I wouldn't burn a book because I don't like it, I can barely bring myself to throw it away. I prefer giving them away. With the possible exception of pseudo-science.

Books Which I Read Only for the Sex Scenes
None. If I want sex scenes, I read porn.

Books I Pretend to Like So People Won’t Think I’m a Snob, or Books I Pretend to Like So I Won’t Hurt Your Feelings

Books with Covers So Embarrassing You Can’t Read Them in Public
I like John Sinclair, a German horror pulp fiction series that has truly awful covers - 50s SciFi movies have nothing on those covers. But who cares, I read them in public anyway. I was highly amused when I found out that there are actually versions of the Harry Potter books with different covers for adults (they are more expensive,too).

Books You Are Sorry You Didn’t Read Decades Ago
I think I would have like to read "Catcher in the Rye" when I was a teenager. I read it a few years ago and I guess I was just too old.

Science Fiction Challenge

I've been meaning to read more Science Fiction for a while now, after doing this SciFi book meme. So when I came across the Science Fiction Challenge, it was THE opportunity to finally go ahead with the plan. I will need to check the library to see what I can find there, but I think I want to start with William Gibson.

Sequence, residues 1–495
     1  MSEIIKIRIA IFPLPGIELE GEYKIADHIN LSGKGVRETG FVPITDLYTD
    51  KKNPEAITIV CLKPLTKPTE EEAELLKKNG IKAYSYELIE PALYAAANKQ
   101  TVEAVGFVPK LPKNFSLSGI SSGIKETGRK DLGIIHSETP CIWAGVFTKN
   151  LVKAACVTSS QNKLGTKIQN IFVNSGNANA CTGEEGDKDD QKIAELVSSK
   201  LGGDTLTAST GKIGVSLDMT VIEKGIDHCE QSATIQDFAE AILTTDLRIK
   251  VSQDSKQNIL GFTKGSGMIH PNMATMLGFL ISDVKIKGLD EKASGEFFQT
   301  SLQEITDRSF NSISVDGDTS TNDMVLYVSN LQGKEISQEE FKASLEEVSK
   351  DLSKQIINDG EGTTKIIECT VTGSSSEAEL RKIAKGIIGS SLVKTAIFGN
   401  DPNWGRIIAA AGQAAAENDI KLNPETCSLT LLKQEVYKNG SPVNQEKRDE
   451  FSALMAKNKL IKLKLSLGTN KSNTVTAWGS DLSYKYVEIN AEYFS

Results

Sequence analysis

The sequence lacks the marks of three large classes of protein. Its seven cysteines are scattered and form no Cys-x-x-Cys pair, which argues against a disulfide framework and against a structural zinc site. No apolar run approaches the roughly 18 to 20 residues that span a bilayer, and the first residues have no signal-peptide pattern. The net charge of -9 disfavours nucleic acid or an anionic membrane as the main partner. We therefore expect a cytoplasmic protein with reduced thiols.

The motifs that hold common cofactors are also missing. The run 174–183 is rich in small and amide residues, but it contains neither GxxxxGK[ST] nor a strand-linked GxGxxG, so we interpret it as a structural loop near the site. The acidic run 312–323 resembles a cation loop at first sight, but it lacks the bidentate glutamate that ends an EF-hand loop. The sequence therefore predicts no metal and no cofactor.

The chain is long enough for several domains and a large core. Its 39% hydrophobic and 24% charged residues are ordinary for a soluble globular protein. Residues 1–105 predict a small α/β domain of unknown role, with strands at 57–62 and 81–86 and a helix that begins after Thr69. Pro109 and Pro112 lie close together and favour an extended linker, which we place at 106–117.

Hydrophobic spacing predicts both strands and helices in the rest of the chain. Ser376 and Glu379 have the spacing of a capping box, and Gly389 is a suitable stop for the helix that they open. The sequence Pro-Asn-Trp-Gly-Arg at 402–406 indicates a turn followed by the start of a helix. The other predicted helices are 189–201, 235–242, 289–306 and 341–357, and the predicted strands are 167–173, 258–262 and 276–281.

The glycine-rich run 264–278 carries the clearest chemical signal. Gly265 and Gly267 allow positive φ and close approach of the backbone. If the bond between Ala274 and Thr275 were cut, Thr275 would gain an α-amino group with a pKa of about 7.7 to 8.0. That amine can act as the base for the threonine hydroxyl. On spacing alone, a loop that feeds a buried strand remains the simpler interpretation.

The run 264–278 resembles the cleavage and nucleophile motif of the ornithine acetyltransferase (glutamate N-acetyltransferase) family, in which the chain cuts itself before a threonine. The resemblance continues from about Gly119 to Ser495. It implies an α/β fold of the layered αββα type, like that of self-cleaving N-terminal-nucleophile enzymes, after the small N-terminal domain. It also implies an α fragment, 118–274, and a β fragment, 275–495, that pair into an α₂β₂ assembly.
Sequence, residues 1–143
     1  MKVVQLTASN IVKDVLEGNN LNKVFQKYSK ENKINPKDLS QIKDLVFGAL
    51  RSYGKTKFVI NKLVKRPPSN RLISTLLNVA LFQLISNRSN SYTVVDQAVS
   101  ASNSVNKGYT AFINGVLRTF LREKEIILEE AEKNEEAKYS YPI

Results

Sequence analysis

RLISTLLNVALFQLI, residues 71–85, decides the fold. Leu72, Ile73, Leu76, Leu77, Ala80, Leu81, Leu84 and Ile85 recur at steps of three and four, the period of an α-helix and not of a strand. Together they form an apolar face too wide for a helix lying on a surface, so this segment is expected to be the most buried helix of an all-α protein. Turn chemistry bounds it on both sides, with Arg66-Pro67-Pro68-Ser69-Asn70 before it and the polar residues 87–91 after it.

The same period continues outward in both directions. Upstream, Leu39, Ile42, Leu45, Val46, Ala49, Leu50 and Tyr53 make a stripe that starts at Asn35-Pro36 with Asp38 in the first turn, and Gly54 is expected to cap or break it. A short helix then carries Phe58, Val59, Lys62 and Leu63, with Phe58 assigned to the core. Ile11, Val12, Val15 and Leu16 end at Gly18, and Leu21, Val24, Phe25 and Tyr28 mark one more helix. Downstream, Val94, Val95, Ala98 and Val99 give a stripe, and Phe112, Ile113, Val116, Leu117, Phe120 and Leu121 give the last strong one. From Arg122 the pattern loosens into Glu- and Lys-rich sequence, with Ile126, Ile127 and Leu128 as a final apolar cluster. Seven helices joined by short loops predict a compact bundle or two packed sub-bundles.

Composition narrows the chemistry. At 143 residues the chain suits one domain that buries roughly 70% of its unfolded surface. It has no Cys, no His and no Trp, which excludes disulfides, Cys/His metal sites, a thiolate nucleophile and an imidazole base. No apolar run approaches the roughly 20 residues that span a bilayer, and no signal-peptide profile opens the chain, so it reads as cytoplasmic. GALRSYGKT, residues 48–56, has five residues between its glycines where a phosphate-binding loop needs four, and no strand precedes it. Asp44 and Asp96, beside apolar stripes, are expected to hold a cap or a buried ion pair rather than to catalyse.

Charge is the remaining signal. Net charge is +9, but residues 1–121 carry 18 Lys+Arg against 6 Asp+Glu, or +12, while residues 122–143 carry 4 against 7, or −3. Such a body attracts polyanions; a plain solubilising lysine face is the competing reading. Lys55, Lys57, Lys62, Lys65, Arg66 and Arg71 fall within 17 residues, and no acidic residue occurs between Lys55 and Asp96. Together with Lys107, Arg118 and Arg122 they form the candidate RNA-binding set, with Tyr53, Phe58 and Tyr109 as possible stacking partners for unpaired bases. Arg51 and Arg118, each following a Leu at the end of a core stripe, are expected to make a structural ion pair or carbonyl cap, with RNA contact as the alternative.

1. book: The Difference Engine
2. book: The Robot's Tales
3. book: The Risen Empire
4. book: Earth Abides
5. book: Metro 2033
6. book Fahrenheit 451 by Ray Bradbury
7. In the Presence of Mine Enemies by Harry Turtledove

Update: the challenge seems pretty much dead, so I challenge myself to read at least 10 Science Fiction book this year.

Anachronistic fruit

I came across this interesting article a while ago while I was researching Osage-Oranges:
Anachronistic Fruit PDF

It's about fruit and their relation to animals, in particular when it comes to seed dispersal. Osage-Oranges for example may have relied on Giant Sloths or mammoths to eat their fruit or on an extinct horse species - these days, horses and mules will sometimes eat the fruit, too.